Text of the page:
"We've been assured that in some (overseas) posts they're moving towards 100 per cent checking of visa refusals."
Sources told the HES of cases in which local staff had refused visas for the child of a local wealthy family, apparently out of envy, and knocked back applicants from religions not their own.
A spokeswoman for the department said quality assurance checks by senior staff had found "no evidence" of such prejudice.
"As part of our strategy for introducing a range of Knight review recommendations, all student visa processing areas -- both in Australia and overseas -- increased their quality assurance checking," she said.
She said the department was expert in applying the GTE test, which was also used for tourist visas.
The HES has seen visa refusals by immigration officers in overseas posts with Anglo-Celtic names who, like local staff, drew an adverse inference from the failure of an applicant to check out cheaper study options at home.
Peak bodies such as the Australian Council for Private Education and Training have been documenting student visa refusals that seem unreasonable.
The sector has asked for data that would allow analysis of the effect of the new GTE test on refusal rates for each of the student visa sub-classes and overseas posts.
Sector sources said the department had suggested its database would not allow such an analysis.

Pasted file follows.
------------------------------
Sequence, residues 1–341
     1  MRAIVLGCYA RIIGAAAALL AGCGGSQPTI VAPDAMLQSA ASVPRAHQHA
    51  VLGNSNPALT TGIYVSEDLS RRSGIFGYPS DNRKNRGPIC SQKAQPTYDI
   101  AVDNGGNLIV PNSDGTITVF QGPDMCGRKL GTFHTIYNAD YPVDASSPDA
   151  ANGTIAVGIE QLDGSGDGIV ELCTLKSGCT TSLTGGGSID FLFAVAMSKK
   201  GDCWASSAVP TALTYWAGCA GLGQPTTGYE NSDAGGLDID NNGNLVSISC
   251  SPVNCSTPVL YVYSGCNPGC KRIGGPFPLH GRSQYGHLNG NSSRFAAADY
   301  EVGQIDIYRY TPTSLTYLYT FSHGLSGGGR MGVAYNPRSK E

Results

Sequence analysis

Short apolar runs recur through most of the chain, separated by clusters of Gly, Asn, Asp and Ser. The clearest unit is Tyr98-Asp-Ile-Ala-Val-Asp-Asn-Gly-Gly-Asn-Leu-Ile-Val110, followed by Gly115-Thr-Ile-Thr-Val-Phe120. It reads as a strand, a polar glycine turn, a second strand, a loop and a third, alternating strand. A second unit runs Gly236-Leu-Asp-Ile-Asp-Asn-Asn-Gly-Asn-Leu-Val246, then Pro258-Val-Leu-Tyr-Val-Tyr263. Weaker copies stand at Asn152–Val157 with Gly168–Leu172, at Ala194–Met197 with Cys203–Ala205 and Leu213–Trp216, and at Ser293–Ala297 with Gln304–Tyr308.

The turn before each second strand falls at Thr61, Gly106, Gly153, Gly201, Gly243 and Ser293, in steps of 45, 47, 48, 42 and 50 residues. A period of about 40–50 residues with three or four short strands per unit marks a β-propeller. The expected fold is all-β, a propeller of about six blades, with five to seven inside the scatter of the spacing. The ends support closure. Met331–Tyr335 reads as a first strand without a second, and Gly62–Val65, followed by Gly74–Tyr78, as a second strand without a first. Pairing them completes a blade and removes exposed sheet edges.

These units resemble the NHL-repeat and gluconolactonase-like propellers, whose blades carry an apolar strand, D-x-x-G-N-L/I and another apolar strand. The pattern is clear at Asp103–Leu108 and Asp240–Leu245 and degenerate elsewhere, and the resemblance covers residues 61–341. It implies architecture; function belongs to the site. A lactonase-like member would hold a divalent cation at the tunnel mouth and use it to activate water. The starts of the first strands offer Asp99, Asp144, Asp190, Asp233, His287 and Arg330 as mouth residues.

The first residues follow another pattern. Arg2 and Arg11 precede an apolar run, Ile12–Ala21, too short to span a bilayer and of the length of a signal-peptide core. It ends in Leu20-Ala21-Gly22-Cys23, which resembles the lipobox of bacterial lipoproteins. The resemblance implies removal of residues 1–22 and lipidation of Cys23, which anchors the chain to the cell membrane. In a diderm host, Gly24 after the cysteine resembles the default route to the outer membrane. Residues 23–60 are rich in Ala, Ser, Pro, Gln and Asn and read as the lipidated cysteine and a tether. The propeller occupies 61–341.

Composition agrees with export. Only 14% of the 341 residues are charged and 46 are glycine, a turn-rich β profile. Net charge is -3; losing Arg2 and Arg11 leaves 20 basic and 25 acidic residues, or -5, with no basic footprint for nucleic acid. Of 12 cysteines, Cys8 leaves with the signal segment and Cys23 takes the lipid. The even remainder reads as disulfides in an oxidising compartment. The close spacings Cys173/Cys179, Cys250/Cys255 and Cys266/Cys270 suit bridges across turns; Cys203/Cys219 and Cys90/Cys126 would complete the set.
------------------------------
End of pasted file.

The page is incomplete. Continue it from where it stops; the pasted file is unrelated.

However, a spokeswoman for the department said it had the wherewithal to "assess the impact of new policy on any visa subclass in any location".
Mr Bitel said it was very difficult to predict the outcome of a student visa application with the GTE test.
"Two like applications, one is approved, one is refused, with no ability to discern the difference, other than how a particular case officer felt on the day," he said.
"If they (the authorities) don't want students to come to Australia, then they should be more public about that."
He said he was still meeting overseas students who had chosen Australia in the expectation that a qualification here would lead to migration.
Told the rules had changed, they protested they would not have come here, he said.
"There needs to be some pretty strong disclaimers to overseas students that the residency option is pretty much closed," he said.
The GTE test was one among many elements of a policy shift making it much harder to parlay an Australian qualification into a skilled migration visa.
Other commentators say this shift is well understood offshore and student hopes now fix on the post-study work rights that follow university study.
Applying the GTE test, immigration officials are told to take into account factors such as:
"Whether the applicant has sound reasons for not undertaking the study in the home country or region if a similar course is already available there. Decision makers should allow for any reasonable motives as established by the applicant.
"(Another factor is the) relevance of the course to the student's past or proposed future employment either in their home country or a third country."
Mr Nagle said: "All foreign qualifications are relevant to the student's employment.
"That's why people travel overseas to study -- because employers all over the world value language skills and work experience in foreign countries."